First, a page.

FEATURES: A massive crowd is expected to attend The Shandon Hotel and Spa Wedding Show this weekend. The dazzling event is expected to attract hundreds from all over Donegal as The Shandon Hotel and Spa plays host to the Perfect Bliss Wedding Show.With an array of local Wedding Suppliers in attendance to cater for all couples Special Day requirements and closing with an on-trend Catwalk from the PB Models from 4:30pm. Organisers are also providing complimentary admission for all patrons who attend the show.Couples will be given the opportunity to speak to the Shandon’s Wedding Team about the first class products/services available for your Special Day, as well as viewing the Suites and Sea views available from the Hotel – both out of this world!With first-hand experience of the highest welcome, accommodation, food and drink that awaits you at The Shandon Hotel & Spa we can undoubtedly recommend this Venue to any engaged couple.. Come along between 2pm & 5pm this Sunday 2nd October 2016 and see for yourself!Bar food is served all day!Review of The Shandon Hotel and Spa – by Perfect Bliss Wedding Show: Our Stay At The Shandon Hotel & Spa:“So before we lose our weekends and all the madness of the shows begin next month we decided to treat ourselves to an overnight stay in the amazing Shandon Hotel and Spa and what a treat it was!!“The hotel is located in such a beautiful location, the stunning views were the first indication of the amazing stay that awaited us. Upon arrival we were greeted in the modern and chic reception by the very friendly staff who checked us in and showed us off to our room were another treat lay beyond the door – the amazing junior suite decorated to perfection and overlooking the stunning Sheephaven Bay. Champagne and an assortment of delicious deserts waited for us inside – the perfect start to a perfect stay! “After relaxing for a while in our beautiful suite we made our way down to the newly refurbished bar with an open turf fire & a view over the bay, where we enjoyed a selection of expertly made cocktails and took in the ambience. With a vast menu of fine wines and craft beers and delicious bar food we were spoilt for choice however we had a table booked in the restaurant so made our way there for dinner. “Again greeted with amazing views, welcoming staff and a fantastic menu we would highly recommend the filet steak which was cooked to perfection and served with seasonal vegetables, potatoes and gravy. The restaurant has a lovely relaxing ambience to it and after dinner we enjoyed a few drinks whilst taking in the stunning views.T”o top off an already amazing stay we spent a very relaxing few hours in the tranquil spa with choice of first class treatments, pool, outdoor hot tub and beautiful views! The Shandon was an all-round 5 star stay and the perfect ending to a wonderful summer break! We cannot wait until our PB Wedding Show there on the 2nd October and we hope you can join us and check out this stunning hotel for yourself!” Massive crowd expected to attend Shandon Hotel and Spa Wedding Fayre was last modified: September 30th, 2016 by Mark ForkerShare this:Click to share on Facebook (Opens in new window)Click to share on Twitter (Opens in new window)Click to share on LinkedIn (Opens in new window)Click to share on Reddit (Opens in new window)Click to share on Pocket (Opens in new window)Click to share on Telegram (Opens in new window)Click to share on WhatsApp (Opens in new window)Click to share on Skype (Opens in new window)Click to print (Opens in new window)Tags:CrowdnewsPerfect BlissShandon Hotel and Spashowwedding fayre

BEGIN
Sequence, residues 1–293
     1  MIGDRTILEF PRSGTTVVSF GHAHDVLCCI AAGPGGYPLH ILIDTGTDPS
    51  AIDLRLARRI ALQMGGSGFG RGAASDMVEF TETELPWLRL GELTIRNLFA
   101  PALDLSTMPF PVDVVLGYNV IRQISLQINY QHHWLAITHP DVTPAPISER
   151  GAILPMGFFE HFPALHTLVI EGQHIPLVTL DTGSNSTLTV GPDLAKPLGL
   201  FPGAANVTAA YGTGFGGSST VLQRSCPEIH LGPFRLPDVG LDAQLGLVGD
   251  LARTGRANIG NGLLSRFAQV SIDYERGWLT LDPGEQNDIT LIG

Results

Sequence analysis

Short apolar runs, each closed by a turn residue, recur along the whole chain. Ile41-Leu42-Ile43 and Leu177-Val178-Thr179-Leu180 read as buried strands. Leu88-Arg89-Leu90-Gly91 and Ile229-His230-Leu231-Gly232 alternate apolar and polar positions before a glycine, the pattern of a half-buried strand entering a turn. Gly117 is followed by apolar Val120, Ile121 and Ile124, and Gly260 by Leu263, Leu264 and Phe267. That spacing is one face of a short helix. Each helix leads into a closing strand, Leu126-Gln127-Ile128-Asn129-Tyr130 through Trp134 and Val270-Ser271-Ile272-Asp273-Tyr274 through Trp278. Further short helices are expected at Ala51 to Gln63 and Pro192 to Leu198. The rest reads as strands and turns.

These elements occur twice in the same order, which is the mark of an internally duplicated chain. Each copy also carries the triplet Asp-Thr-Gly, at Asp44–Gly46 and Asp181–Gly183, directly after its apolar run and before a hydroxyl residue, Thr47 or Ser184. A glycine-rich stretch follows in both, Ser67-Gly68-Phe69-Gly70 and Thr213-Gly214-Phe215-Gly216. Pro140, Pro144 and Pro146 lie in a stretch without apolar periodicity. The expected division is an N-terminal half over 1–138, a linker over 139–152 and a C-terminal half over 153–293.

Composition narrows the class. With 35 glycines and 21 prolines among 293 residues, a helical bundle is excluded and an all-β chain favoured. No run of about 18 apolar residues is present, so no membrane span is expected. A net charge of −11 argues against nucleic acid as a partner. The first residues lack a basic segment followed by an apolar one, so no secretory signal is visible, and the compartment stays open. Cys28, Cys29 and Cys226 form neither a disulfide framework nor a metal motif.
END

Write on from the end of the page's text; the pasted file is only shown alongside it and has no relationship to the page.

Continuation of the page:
Share Facebook Twitter Google + LinkedIn Pinterest Little to no fieldwork was completed last week due to the continued extremely wet weather, according to Cheryl Turner, State Statistician, USDA NASS, Ohio Field Office. There were 0.6 days suitable for fieldwork in Ohio during the week ending May 5. There were multiple reports of zero days suitable for fieldwork last week. There had been some additional flooding and soils were extremely saturated, causing more delays in the planting season. Winter wheat condition remained mostly fair and there were concerns of weed pressure due to the wet weather. There was very little opportunity to get any corn or soybean planting done last week. Oat planting and emergence was slowly moving along. Despite wet weather, pastures condition were mostly fair to good.Click here to read the full report